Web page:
Let science be told: A review of ideas for storytelling in science communication

Aleida Rueda, Cecilia Rosen, Javier Crúz-Mena


There is a rich literature on storytelling in public science communication, mostly advancing the premise that it helps in telling science to the public. We present here a summary of results from a review of ideas on the subject guided by a set of questions about goals, techniques, and research. We found no consensus on the notion of what is a story, yet some useful approximations emerged. There are various goals driving the use of storytelling to communicate science, from engaging to creating emotions to favouring understanding. The structure of the stories appeared as a crucial element, and three types of structures are dominant. As a field in evolution, there are not many empirical studies, but the few we found appear promising. We conclude that there is ample opportunity for discussion and research regarding emotions, persuasion, understanding and innovation in the use of narrative concepts and techniques to better let the science be told.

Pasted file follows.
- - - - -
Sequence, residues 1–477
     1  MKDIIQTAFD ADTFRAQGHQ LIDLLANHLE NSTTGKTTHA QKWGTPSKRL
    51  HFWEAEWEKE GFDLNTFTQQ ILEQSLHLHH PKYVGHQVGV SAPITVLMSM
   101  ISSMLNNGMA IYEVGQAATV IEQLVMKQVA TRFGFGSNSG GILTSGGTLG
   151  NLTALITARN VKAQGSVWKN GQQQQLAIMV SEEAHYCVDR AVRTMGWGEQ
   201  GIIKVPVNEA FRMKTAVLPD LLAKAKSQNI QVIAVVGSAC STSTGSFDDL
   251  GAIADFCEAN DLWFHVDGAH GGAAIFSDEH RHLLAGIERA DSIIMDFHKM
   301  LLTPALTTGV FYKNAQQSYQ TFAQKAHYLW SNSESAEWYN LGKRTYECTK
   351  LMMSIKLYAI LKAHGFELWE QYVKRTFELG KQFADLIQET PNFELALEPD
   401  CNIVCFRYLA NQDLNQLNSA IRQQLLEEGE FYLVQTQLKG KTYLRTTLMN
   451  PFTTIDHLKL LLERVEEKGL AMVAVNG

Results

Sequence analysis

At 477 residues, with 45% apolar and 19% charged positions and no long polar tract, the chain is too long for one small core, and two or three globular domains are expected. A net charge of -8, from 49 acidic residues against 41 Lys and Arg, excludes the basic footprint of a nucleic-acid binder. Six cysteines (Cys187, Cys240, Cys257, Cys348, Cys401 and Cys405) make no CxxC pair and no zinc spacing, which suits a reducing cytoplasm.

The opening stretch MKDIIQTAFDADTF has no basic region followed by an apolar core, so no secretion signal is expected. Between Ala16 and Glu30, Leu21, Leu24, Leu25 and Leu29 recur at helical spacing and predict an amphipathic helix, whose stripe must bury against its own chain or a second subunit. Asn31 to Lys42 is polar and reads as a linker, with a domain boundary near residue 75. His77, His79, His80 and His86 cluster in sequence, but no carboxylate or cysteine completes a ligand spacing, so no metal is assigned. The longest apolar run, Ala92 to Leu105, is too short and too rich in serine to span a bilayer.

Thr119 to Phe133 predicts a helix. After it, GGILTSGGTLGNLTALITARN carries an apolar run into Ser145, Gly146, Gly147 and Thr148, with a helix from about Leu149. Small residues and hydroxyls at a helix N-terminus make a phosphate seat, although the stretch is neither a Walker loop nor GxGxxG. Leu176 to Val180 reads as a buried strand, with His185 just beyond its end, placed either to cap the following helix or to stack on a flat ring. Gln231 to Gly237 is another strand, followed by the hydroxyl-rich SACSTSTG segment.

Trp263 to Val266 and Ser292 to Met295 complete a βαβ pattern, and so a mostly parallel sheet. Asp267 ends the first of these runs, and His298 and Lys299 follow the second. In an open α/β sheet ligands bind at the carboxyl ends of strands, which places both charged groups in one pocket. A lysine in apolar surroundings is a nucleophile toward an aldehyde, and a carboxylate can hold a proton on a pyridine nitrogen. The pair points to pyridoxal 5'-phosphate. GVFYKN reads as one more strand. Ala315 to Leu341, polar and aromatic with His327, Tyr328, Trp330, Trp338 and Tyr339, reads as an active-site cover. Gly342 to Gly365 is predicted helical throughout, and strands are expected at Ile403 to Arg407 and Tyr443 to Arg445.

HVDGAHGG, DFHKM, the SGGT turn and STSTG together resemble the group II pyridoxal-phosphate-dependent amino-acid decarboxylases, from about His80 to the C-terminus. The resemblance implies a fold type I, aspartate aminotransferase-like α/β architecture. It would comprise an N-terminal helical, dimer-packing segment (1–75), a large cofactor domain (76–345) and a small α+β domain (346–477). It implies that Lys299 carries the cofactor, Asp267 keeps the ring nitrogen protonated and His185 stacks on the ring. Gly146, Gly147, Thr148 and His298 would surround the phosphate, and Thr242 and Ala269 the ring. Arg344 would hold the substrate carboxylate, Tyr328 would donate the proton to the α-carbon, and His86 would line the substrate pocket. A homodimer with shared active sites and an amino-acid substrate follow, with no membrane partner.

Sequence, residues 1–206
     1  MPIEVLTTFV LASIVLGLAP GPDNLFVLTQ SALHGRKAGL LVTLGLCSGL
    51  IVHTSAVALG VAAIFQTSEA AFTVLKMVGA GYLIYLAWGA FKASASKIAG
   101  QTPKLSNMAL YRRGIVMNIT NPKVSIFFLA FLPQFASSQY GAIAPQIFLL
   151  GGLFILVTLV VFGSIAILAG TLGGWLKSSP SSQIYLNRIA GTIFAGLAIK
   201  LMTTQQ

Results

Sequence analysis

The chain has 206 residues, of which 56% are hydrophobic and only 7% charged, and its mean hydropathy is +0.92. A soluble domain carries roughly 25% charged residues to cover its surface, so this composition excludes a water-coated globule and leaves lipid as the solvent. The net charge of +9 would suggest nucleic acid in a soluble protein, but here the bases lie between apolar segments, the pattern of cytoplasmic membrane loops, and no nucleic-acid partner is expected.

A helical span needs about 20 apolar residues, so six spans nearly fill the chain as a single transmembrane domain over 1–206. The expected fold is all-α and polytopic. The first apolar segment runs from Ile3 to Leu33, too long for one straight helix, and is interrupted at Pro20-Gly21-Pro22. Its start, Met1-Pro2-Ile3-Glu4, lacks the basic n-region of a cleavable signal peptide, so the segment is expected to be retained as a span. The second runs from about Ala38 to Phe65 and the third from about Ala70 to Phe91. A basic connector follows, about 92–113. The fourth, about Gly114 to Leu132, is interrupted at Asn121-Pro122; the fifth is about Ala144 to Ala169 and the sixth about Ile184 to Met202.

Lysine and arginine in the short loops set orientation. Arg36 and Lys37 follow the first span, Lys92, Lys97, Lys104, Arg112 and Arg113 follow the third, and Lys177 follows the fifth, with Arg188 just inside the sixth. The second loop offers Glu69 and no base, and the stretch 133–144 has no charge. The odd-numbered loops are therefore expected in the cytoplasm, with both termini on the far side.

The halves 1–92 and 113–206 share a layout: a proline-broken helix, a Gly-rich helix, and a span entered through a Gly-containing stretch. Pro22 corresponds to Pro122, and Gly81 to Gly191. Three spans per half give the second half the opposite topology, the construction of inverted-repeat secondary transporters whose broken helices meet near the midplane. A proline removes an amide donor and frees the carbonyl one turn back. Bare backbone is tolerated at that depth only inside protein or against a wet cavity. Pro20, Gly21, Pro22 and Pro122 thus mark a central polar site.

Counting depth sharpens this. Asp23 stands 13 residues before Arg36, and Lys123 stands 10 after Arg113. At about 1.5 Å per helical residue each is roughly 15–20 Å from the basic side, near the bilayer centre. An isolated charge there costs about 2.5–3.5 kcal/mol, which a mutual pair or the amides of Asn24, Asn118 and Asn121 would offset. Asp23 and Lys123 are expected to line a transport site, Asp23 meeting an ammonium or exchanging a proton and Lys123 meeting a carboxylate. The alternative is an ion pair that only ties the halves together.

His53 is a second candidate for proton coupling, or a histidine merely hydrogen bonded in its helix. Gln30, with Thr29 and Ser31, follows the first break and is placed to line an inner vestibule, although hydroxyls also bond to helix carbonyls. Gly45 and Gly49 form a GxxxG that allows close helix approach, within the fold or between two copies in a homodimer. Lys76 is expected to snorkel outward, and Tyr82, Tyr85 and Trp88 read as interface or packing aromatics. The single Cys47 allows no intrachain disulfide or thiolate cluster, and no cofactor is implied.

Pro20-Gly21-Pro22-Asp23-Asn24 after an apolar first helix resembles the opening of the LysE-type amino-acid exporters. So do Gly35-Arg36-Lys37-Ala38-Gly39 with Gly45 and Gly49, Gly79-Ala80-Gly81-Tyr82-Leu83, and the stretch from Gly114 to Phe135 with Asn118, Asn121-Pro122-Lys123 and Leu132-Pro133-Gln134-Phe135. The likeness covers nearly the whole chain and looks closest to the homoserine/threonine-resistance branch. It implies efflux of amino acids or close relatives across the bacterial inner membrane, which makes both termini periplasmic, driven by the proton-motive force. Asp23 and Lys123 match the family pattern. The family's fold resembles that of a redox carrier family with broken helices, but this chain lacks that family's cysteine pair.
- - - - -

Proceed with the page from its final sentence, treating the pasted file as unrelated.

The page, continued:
storytelling; science communication; narrative; science journalism; emotions

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DOI: https://doi.org/10.7203/metode.14.26522


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